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Computational and Mathematical Methods in Medicine
Volume 2017 (2017), Article ID 4245613, 13 pages
https://doi.org/10.1155/2017/4245613
Research Article

Computational Insight into Protein Tyrosine Phosphatase 1B Inhibition: A Case Study of the Combined Ligand- and Structure-Based Approach

1Key Laboratory of Structure-Based Drug Design & Discovery, Ministry of Education, Shenyang Pharmaceutical University, Shenyang 110016, China
2Faculty of Pharmaceutical Sciences, Toho University, Miyama 2-2-1, Funabashi, Chiba 274-8510, Japan

Correspondence should be addressed to Jian Wang; moc.liame@gnawnaij and Maosheng Cheng; ten.362@gnehcsm

Received 23 August 2017; Accepted 26 September 2017; Published 26 December 2017

Academic Editor: Tingjun Hou

Copyright © 2017 Xiangyu Zhang et al. This is an open access article distributed under the Creative Commons Attribution License, which permits unrestricted use, distribution, and reproduction in any medium, provided the original work is properly cited.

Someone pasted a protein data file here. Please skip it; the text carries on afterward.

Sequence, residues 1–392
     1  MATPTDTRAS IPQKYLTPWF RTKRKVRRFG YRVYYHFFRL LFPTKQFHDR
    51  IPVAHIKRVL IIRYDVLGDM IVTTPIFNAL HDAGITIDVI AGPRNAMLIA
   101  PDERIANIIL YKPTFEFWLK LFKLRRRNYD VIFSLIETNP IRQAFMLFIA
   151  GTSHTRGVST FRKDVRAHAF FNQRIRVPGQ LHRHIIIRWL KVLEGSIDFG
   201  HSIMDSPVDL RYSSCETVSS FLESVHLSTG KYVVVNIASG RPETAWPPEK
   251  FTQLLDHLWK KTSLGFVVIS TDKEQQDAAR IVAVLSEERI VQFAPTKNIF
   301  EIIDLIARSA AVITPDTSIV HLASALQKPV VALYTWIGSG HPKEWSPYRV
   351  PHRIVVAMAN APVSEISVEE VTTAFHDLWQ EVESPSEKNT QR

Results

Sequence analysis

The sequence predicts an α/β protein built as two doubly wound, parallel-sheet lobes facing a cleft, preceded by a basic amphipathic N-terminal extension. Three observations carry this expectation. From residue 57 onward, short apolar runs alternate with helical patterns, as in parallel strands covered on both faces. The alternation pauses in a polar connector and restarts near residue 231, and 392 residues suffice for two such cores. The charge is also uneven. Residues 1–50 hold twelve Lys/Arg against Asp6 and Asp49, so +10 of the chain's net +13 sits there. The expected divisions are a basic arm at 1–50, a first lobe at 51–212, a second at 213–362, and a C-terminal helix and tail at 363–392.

Abstract

Protein tyrosine phosphatase 1B (PTP1B) is an attractive target for treating cancer, obesity, and type 2 diabetes. In our work, the way of combined ligand- and structure-based approach was applied to analyze the characteristics of PTP1B enzyme and its interaction with competitive inhibitors. Firstly, the pharmacophore model of PTP1B inhibitors was built based on the common feature of sixteen compounds. It was found that the pharmacophore model consisted of five chemical features: one aromatic ring (R) region, two hydrophobic (H) groups, and two hydrogen bond acceptors (A). To further elucidate the binding modes of these inhibitors with PTP1B active sites, four docking programs (AutoDock 4.0, AutoDock Vina 1.0, standard precision (SP) Glide 9.7, and extra precision (XP) Glide 9.7) were used. The characteristics of the active sites were then described by the conformations of the docking results. In conclusion, a combination of various pharmacophore features and the integration information of structure activity relationship (SAR) can be used to design novel potent PTP1B inhibitors.